It has been my blessing to see people surrender their culture to the Gospel. What did he say? In the mission field and at home I have seen people reach the point in their faith that obedience to God mattered more to them than whatever constituted their “cultural norm.” Their “norms” were holding them captive. The Gospel liberated them. Have you seen those people? Are you one of those people?
Let me remind you of the Rich Young Ruler (Luke 18). Jesus talked to him and his “cultural norm” was, “I have done all that stuff, I keep all the rules, and I am good enough to follow you.” (My paraphrase). Jesus’ point of view was quite different. He said the young man lacked one thing. Jesus told him to go and sell all he had, give it to the poor, and then follow after Jesus. The first amazing thing that happened is the young man went away sorrowful. He was not willing to let go of what his culture told him was good to embrace what Jesus said would be better. Even more amazing, Jesus didn’t suffer from fear and frustration and go begging the young man to come back. (That’s material for another lesson!)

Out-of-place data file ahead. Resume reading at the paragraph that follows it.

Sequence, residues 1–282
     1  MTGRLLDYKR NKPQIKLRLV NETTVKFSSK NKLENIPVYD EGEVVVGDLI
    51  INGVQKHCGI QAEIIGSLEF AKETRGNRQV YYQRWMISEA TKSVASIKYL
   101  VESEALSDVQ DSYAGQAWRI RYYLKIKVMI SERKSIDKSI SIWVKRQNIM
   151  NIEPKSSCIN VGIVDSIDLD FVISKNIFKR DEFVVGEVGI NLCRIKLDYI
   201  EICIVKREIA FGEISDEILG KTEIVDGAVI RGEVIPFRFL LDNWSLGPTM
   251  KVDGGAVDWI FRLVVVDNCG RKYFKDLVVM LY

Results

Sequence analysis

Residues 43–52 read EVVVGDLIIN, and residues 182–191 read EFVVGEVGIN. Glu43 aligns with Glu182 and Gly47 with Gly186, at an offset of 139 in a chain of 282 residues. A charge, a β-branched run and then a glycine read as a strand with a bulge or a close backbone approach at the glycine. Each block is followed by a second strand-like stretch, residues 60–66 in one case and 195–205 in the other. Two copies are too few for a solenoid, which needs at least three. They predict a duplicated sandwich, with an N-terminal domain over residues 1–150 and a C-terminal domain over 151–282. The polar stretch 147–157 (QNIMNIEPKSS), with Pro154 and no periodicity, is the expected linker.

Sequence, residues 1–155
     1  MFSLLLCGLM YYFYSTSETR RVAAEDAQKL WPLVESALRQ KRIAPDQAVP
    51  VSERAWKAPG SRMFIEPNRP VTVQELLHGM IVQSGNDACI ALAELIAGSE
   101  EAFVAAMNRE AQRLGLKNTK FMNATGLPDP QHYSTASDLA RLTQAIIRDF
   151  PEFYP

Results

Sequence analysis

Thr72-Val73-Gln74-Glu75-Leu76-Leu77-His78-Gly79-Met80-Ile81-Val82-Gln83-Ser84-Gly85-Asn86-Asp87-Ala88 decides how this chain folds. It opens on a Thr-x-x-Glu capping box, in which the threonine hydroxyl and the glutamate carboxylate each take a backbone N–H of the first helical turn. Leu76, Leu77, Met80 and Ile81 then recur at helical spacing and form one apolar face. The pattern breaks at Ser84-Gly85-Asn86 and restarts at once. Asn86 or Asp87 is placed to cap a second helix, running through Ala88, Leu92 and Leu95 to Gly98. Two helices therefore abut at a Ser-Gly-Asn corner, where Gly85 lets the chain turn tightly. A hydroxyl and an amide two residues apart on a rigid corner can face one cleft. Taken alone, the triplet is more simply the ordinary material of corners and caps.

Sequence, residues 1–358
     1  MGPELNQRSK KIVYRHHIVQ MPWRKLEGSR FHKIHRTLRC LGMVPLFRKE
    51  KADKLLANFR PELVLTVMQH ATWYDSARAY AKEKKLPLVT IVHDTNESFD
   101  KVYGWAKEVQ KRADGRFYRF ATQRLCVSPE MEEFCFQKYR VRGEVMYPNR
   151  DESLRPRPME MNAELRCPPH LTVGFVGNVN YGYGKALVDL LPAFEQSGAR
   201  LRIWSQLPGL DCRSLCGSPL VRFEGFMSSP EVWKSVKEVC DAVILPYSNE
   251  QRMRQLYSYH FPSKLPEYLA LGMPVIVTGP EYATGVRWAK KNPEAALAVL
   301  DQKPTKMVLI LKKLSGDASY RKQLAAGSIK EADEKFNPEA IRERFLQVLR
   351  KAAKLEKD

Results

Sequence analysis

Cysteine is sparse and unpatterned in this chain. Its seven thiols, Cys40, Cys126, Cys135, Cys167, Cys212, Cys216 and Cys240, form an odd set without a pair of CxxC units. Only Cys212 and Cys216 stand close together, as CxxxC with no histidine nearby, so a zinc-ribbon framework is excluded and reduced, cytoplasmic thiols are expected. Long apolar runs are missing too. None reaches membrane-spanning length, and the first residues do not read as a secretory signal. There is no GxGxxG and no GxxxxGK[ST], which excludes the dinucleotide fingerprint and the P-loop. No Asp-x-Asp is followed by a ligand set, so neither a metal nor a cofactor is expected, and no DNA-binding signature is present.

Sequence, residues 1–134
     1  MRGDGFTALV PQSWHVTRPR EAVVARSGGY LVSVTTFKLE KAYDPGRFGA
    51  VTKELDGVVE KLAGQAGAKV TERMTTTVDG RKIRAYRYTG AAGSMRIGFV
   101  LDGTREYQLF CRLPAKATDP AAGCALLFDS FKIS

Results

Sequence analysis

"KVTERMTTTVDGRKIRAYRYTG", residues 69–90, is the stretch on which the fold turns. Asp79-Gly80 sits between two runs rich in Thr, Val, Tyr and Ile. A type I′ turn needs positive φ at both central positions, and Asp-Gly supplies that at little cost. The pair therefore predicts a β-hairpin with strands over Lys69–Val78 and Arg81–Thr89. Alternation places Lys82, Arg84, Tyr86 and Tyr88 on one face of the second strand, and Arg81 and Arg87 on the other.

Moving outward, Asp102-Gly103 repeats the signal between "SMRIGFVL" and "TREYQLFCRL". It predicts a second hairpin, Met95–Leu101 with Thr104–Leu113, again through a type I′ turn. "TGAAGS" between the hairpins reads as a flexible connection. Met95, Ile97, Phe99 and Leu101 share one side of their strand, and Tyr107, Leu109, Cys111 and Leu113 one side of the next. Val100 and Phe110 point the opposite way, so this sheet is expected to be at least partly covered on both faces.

There comes a point when we must believe more in what Jesus calls us to do and be than we believe our “cultural norms.” In Africa, Masai believers had to let go of life-long ancestor worship in order to embrace Jesus. It could not be the ancestors and Jesus. Faith had to be in Christ alone. Some church leaders there had to overcome certain cultural prejudice to fully embrace obedience to the Word and its call to evangelize. Believers in Russia had to let go of a culture that is steeped in sorrow, misery, and difficulty to experience by faith the joy of following Christ. Believers in the Caribbean must move beyond the satanic influences of cults to embrace the message of salvation.
It’s easy to look “at them” because “they” are “over there.” We don’t have those problems. Really? I can’t reach out to those people, they are __________ (fill in the blank). Maybe it’s a lifestyle, maybe it’s a cultural class barrier, maybe it’s economics, or….. Here’s the model to follow: Jesus valued obedience to His Father above all else. His obedience crossed racial and cultural barriers frequently. His obedience bought our salvation. And we will only see the great things He desires in our lives when our passion for obedience is like His and is more important to us than our cultural norms. Open hands before Him release whatever they hold, but they are also open to receive what He wants to give. The choice, like the young ruler’s, is ours. We can hang on to our norms, or we can open up, let go, and belive Him for better and great things.